Worker well-being was not improved by emotional support from those closest to them unless the workers felt they usually gave as much support as they got, according to a study. Managers may need to create opportunities for people to give more help to colleagues to create a sense of positive imbalance.
There are two competing theories on how the give-and-take of emotional support impacts well-being, according to the study article in the Journal of Health and Social Behavior. One says that receiving more social support than we give makes us feel like we are being unfair, while giving more than we receive makes us feel unfairly treated. Balance, then, is most important in this view. The other theory is that someone who gives more feels like they are important—called the "mattering principle"—which enhances their well-being. Needing a lot of help makes someone feel inferior and harms well-being. Prior studies provided positive but mixed support for both. Researchers decided to combine the two by looking at the effect of support received within the context of that sense of balance. They were also curious about the impact of the overall levels of support given and received, since people need to conserve their emotional resources to have enough to get through life's problems.
Because previous research has shown older people perceive bigger differences in support balance than younger ones do, the scientists focused on older workers to get a wider range of answers. They conducted long phone interviews with 1,070 randomly selected blue-collar workers age 40 or older. All were U.S. union members in transportation, manufacturing, or construction. (Editor's note: Union membership lists were probably used because they were an easy source for a large list of people similar in some ways, along with age and contact information.) In the first interview, subjects were asked about how much emotional support they received from up to three adults close to them, not necessarily co-workers. Emotional support was defined as "the extent to which each one... listens, shows understanding and caring, and provides advice when needed." Subjects were also asked how much of the same they provided to the other person, on a four-point scale from "not at all" to "a great deal."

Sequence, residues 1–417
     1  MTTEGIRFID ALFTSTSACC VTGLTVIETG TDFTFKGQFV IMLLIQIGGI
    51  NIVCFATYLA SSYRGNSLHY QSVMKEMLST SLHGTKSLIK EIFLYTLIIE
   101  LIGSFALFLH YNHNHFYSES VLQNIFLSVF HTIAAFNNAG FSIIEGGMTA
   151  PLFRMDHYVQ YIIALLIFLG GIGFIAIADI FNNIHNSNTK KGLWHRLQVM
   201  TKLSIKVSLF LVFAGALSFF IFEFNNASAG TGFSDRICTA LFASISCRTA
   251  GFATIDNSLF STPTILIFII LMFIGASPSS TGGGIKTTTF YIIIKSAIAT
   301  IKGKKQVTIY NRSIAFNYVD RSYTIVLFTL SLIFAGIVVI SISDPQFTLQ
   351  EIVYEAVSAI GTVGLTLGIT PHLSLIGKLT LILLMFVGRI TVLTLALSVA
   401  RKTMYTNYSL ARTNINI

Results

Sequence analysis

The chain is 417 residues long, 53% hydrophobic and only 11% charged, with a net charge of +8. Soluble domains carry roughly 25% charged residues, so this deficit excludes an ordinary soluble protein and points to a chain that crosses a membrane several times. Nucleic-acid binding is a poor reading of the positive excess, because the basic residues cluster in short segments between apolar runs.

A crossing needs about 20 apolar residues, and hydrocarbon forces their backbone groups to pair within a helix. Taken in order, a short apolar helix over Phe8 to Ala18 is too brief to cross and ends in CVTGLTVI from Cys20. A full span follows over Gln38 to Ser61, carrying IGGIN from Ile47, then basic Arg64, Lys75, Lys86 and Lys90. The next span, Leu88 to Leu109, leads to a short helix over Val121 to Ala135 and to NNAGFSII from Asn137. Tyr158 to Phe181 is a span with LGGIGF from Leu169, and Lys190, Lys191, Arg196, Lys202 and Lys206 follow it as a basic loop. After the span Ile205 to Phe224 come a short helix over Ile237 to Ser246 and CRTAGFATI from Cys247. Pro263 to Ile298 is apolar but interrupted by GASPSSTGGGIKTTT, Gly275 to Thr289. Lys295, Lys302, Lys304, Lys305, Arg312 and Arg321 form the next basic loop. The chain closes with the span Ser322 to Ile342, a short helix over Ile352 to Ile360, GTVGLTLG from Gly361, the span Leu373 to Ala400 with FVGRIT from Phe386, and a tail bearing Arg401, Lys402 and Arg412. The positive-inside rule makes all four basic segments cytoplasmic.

In that call and a second call a year later, the workers were asked to rate their mental and physical symptoms of depression during the prior month, from a list read to them. A sample mental symptom was, "'I felt that everything I did was an effort.'" Examples of physical symptoms included "shortness of breath" and "loss of appetite." In their analysis, the scientists accounted for factors like gender that could skew the results. Women are more likely to report depression symptoms than men.
When viewed one at a time, support given, support received, and the balance in the workers' relationships had zero or weak effects on these mental and physical symptoms. However, the data showed some intriguing patterns when support and balance were combined. When people felt they gave:
The authors suggest that managers need to bear in mind the possible negative effects of getting more support than received. Managers could provide more opportunities for people to give support and thus keep things in balance: "For instance, implementing employee support programs such as peer-based assistance programs..."
(For more suggestions within a team setting, see the related Teams Blog post).
Source: Nahum-Shani, I., P. Bamberger, and S. Bacharach (2011), "Social Support and Employee Well-Being: The Conditioning Effect of Perceived Patterns of Supportive Exchange," Journal of Health and Social Behavior 52(1):123.